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Viewing: ENGLSH 4168W konklem : Major Authors, 1789-1890

Last approved: Tue, 13 Sep 2016 16:15:09 GMT

Last edit: Tue, 13 Sep 2016 13:09:21 GMT

Proposal Type

Writing Intensive

Contact Information

ciscojo
Jonathan
Cisco
CiscoJo@missouri.edu
573/884-6221
Campus Writing Program
Are you submitting this proposal on behalf of an instructor?
Yes
Instructor for whom you are submitting proposal:
konklem
Maureen
Konkle
KonkleM@missouri.edu
573/882-6421
English
Subject Area’s Department Chair/Director:
ciscojo
Jonathan
Cisco
CiscoJo@missouri.edu
573/884-6221
Campus Writing Program

Term for Proposal

 
Fall 2016

Course Catalog Information

A&S
English (ENGLSH)
English
4168
3
 
30
Major Authors, 1789-1890
See ENGLSH 4160 for course description.
Humanities
Lecture/Standard
A-F (allow student to choose S/U option)
 
 
 
 

Instructor Information

konklem
Maureen
Konkle
KonkleM@missouri.edu
573/882-6421
English
(numbers only)
Tenured Associate Professor
 
Yes, in the last five years
 

The Campus Writing Program conducts a two-day faculty workshop to assist with the design and implementation of your writing intensive course. Once your course proposal has been approved by the Campus Writing Program, you will receive information on time, date and location of the workshop.
Indicate below if additional instructors are planned, but specific individuals have not yet been chosen. Check all that apply

Briefly describe the qualifications of the known graduate instructors, or planned qualifications if graduate instructors are still to be selected, bearing in mind that graduate students teaching honors courses should be advanced students with a record of excellent teaching.
 

Honors Course Information

 
 
Answer the questions below as they would apply to one section. For all other sections, provide similar information in the Additional Sections Information box below.
 

 
 
 

 
 
 
 
 
 

Writing Intensive Course Information

This course is a study of the writing of William Apess, a Pequot writer active in the 1820s and 1830s, and Frederick Douglass, covering a selection of his writing over the course of his career, from the 1840s to the 1890s. It’s centered on their struggle to argue for equality and liberation and against exclusion and oppression on behalf of indigenous, African American, but also other groups of people. It takes a broad view of US culture and political ideology in the period, and incorporates readings in literature, history, journalism, and political discourse, as well as representative contemporary scholarship, in addition to the works of Apess and Douglass. The research component will be limited to the course readings so that students can concentrate on in-depth reading of the material.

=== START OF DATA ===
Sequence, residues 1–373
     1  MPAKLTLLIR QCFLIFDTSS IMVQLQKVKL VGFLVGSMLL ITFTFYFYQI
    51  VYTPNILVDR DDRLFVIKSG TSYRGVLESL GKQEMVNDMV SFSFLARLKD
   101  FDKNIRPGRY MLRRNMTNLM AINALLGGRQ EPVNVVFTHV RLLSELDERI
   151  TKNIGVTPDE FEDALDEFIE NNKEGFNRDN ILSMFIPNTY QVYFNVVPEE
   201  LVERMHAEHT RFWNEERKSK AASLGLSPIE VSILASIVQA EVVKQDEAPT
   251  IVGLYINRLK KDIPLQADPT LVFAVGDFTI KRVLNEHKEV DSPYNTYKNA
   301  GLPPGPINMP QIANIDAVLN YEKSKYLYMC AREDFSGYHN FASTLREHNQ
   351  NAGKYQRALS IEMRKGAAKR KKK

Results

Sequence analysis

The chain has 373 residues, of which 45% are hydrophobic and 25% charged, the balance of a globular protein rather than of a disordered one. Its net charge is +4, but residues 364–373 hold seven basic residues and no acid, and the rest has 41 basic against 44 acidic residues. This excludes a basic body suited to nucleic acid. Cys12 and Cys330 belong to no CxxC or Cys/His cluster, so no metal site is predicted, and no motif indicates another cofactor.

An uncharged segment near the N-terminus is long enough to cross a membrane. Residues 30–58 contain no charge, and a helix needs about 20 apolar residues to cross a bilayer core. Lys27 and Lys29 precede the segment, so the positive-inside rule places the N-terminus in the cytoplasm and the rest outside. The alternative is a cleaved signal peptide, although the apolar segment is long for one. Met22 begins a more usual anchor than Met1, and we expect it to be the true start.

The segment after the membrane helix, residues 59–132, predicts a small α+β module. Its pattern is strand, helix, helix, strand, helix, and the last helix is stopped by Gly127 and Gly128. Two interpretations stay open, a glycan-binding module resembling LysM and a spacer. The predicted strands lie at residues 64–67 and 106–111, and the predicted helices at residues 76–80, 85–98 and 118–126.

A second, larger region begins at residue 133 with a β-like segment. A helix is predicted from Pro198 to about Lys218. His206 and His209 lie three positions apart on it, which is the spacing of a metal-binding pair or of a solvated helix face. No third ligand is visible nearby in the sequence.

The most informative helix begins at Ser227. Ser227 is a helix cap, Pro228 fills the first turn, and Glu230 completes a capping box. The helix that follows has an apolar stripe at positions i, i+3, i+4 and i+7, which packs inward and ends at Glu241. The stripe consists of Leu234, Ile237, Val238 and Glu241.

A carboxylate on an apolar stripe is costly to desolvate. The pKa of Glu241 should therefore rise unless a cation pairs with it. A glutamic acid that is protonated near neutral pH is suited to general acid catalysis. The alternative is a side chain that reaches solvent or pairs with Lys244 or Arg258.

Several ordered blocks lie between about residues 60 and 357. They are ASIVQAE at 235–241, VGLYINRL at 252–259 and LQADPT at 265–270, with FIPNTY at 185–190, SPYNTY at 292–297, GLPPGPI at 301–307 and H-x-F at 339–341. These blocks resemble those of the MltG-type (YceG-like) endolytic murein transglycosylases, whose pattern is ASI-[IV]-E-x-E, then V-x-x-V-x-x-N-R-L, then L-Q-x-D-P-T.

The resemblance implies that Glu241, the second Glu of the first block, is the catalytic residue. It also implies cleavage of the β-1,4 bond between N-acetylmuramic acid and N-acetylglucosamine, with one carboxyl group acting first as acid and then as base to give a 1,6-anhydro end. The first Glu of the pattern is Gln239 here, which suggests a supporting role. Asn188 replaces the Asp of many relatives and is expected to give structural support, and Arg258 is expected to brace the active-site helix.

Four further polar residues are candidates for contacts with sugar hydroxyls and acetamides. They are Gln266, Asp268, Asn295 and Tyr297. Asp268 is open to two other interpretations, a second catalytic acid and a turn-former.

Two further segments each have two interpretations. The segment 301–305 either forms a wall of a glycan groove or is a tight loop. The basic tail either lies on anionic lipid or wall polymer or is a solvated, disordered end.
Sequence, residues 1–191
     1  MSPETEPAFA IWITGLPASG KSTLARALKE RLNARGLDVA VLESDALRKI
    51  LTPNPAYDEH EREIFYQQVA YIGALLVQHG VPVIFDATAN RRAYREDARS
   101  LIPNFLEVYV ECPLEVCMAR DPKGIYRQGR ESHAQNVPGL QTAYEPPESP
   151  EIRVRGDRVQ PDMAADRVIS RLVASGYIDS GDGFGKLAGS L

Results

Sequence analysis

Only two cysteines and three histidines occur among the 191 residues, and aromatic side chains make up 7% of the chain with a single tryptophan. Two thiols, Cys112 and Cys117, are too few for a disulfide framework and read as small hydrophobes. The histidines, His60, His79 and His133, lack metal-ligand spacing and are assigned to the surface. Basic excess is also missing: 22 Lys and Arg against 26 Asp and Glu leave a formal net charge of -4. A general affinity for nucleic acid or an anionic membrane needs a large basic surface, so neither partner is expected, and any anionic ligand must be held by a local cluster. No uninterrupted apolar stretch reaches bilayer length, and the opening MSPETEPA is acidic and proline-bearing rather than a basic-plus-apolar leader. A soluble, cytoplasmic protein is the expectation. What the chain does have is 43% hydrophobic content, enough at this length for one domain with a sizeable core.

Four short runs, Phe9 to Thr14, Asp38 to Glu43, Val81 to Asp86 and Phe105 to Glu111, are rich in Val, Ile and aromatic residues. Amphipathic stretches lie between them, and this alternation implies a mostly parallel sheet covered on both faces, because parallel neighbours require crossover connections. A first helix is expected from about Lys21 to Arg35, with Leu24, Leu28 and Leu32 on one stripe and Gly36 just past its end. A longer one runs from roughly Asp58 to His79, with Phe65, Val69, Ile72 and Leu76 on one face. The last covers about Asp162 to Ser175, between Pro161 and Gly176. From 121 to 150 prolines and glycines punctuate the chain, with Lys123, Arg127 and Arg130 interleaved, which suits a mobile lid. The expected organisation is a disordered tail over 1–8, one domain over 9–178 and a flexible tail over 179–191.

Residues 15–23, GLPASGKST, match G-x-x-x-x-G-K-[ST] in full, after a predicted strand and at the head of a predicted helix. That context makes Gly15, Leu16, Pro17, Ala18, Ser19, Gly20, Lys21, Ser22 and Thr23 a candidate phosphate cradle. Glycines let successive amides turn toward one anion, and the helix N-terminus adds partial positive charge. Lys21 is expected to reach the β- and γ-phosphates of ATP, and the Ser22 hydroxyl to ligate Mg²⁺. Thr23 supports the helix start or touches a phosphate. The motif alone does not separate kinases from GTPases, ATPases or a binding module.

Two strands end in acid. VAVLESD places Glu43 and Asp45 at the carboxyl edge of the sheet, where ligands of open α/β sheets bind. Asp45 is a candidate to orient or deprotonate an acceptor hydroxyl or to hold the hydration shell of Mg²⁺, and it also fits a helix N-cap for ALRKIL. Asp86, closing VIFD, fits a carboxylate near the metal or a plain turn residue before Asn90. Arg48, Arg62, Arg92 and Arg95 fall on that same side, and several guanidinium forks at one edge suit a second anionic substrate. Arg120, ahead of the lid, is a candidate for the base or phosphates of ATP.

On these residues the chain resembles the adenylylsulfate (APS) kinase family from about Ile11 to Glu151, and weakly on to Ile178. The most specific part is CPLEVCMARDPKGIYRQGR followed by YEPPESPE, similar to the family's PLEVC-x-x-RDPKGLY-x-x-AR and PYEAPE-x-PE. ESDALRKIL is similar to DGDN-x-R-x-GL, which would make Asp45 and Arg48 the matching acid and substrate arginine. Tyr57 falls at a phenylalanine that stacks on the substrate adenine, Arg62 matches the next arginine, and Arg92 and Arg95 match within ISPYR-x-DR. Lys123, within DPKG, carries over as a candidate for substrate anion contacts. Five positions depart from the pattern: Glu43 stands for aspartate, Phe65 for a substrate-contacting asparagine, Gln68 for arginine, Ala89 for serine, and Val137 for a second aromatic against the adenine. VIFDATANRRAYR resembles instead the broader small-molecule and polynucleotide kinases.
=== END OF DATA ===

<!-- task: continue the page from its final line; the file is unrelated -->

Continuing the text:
Face-to-face
Self paced?

 
15
Should this course be considered for funding?

Large Enrollment Courses:
 
 
 

Writing Intensive Assignments

Pages
All assignments
Ten pass/fail one-page (330 words) response papers over the course of the semester, with a question/prompt from me. Due weekly, discussed in class, and reviewed by me.

Three eight to nine-page (2500-3000 words) papers. (1) at week 6, on William Apess, based on ideas generated through response papers; (2) at week 13, on Frederick Douglass, based on ideas generated through response papers; (3) a synthesizing paper on the implications of Apess and Douglass for the present day, due at the end of week 15, reviewed by me and returned Monday 12 December and completed by the end of finals week, 16 December.

Revision: Papers 1 and 2 will be peer-reviewed in class, then final submission; Paper 3 will be reviewed by me and revised. In addition, students have the option to revise any papers for a higher grade, all of which will be due during finals week.
Length of assignment:
24
Instructor
24
Instructor
48

Total pages for all assignments:
First drafts:
24.00
Revisions:
24.00
48.00
Additional Writing: 10 Pages

Writing Intensive Teaching

Instructor provided feedback
 
 
All of the assignments require students to analyze and interpet the material, which includes writing by Apess and Douglass as well as additional readings to illustrate or expand on key points in their work.
Weekly response papers beginning week 2 and except for weeks 6, 13, 14, and 15; papers due at the end of weeks 6, 13, and finals week.
100
%
 
0
 

Course Syllabus

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Administrative Information

Humanities and Arts
 
 

Acknowledgement


Additional Comments

 
 
Key: 556